Classify anti-emetic agents by describing their mechanism of action and provide examples.
Successful candidates were those who discussed the multiple locations in the vomiting pathway where a drug acts, the receptors involved and discussed 5 or more classes. Several approaches can be taken to this topic. Classification by drug group works well and then allows more detail to be provided about possible receptor activity.
Anithistamines: Promethazine H1 ++++ M ++ D2 ++ 5-HT3
Anitcholinergics: Scopalamine H1 + M ++++ D2 + 5-HT3
Benzamines: Metoclopromide H1 + M -- D2 +++ 5-HT3 ++,
Neuroleptics: Droperidol H1 + M - D2 +++ 5-HT3 +,
5-HT3 Antagonists: Ondansetron H1 - M - D2 - 5-HT3 ++++, Granisetron H1 ++++ M ++ D2 ++ 5-HT3 ;
Glucocorticoids: Dexamethasone H1 - M - D2 - 5-HT3 -,
Cannabinoids: direct on vomiting center.
An alternative approach involves a discussion of the distribution of receptor sites: nucleus vestibularis H1 M, area postrema (chemoreceptor trigger zone) 5-HT3 D2 M1 H1, nucleus tractus solitarius 5-HT3 D2 M H2 and then discuss which drugs act where. This material has also been previously covered in the viva examination and knowledge of both drug properties and receptor distribution is often required.
Few answers detailed relative activity at various receptors types – “+” scale illustrated above would be sufficient to convey an understanding to the examiners.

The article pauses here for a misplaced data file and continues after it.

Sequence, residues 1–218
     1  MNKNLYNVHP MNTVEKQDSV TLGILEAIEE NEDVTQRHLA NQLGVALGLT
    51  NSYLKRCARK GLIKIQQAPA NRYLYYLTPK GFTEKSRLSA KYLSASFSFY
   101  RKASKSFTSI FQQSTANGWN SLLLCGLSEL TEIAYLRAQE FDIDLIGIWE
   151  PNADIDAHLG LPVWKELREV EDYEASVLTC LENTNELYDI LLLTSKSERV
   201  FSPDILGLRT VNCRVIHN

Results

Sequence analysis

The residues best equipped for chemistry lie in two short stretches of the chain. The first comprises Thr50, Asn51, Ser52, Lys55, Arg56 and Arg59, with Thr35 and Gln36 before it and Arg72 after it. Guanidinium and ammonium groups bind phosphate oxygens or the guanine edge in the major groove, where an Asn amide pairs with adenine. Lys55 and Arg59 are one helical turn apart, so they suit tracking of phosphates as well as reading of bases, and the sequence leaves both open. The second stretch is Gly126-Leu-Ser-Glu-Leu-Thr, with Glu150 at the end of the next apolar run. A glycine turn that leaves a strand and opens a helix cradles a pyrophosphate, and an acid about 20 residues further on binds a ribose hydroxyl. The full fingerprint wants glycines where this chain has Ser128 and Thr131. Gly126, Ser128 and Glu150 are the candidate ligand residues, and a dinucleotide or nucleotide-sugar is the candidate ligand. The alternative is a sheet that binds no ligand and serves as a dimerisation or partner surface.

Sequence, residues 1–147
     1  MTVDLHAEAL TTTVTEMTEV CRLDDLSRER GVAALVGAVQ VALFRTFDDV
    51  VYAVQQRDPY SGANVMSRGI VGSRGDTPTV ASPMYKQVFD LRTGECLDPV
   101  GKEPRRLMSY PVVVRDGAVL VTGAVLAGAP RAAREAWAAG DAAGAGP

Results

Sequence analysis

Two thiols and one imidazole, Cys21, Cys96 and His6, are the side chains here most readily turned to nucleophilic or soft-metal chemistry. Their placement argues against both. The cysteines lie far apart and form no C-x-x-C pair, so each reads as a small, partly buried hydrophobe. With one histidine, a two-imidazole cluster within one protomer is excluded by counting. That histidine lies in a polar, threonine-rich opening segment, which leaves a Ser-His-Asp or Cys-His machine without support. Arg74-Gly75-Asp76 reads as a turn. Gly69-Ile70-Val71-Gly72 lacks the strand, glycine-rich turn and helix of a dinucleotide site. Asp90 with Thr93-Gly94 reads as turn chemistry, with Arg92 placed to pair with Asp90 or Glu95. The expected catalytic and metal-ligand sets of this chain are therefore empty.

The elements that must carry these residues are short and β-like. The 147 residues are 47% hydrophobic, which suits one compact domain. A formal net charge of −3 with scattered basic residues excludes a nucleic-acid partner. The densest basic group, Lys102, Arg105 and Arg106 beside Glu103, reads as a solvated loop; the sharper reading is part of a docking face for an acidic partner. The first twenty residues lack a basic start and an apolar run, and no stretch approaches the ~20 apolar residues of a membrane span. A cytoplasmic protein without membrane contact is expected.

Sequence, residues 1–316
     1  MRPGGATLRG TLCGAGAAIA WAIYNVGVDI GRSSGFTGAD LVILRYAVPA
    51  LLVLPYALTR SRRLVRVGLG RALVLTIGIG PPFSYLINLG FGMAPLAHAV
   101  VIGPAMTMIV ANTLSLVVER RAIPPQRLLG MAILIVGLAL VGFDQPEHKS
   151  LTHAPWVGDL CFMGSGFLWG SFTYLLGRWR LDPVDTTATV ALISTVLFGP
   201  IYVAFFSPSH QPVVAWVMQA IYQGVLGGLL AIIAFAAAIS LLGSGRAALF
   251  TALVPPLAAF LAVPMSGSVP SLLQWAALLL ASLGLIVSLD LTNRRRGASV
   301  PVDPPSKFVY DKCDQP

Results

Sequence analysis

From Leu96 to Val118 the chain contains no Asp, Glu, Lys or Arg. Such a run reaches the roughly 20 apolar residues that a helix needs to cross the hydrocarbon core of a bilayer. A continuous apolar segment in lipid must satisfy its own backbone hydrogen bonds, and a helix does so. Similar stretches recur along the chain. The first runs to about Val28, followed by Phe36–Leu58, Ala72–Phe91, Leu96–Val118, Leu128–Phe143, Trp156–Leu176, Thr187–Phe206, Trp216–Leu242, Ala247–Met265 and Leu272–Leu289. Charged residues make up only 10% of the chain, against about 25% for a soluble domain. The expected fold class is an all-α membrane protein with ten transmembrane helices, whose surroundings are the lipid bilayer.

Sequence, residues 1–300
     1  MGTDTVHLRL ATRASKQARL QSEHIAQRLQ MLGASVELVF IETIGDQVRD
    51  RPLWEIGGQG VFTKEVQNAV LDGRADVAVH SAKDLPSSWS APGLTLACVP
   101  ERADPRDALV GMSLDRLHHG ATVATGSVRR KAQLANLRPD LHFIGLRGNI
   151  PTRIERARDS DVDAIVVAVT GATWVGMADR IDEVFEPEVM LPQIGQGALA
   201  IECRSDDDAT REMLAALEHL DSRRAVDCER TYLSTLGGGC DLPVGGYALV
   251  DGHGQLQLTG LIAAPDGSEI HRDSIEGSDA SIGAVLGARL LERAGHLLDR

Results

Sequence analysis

It feels important to convey an understanding to the readers that "GABA" is the agreed-upon conventional abbreviation of γ-aminobutyric acid, whereas "GABBA" is an iconic cricket stadium in Brisbane. Beyond spelling weirdness ("scopalamine"?), this table is outrageously inaccurate. For example, granisetron is definitely not a "++++" histamine receptor blocker. Moreover it is not clear what exactly "+" means here; does it reflect receptor affinity, or an agonist effect? It can't possibly be agonist effect, because "scopolamine" is definitely not a "++++" muscarinic agonist, except then what do we make of the "-" signs?
Here is a better, slightly more scientific table from Tomassino (2012), in case anybody still insists on using this system. It is sufficiently similar to all other such tables, in the sense that they are all different, and none of the source material for their data is referenced. At least this one explains what "-" means.
An alternative classification could instead concentrate on the specific receptor effects, for example:
Lyons, Samantha, and Ben Ballisat. "Antiemetic drugs: pharmacology and an
overview of their clinical use" Update in Anaesthesia 31 (2016).
Flake, Zachary A., Robert Scalley, and Austin G. Bailey. "Practical selection of antiemetics." American family physician 69.5 (2004): 1169-1174.
Sanger, Gareth J., and Paul LR Andrews. "A history of drug discovery for treatment of nausea and vomiting and the implications for future research." Frontiers in pharmacology 9 (2018): 913.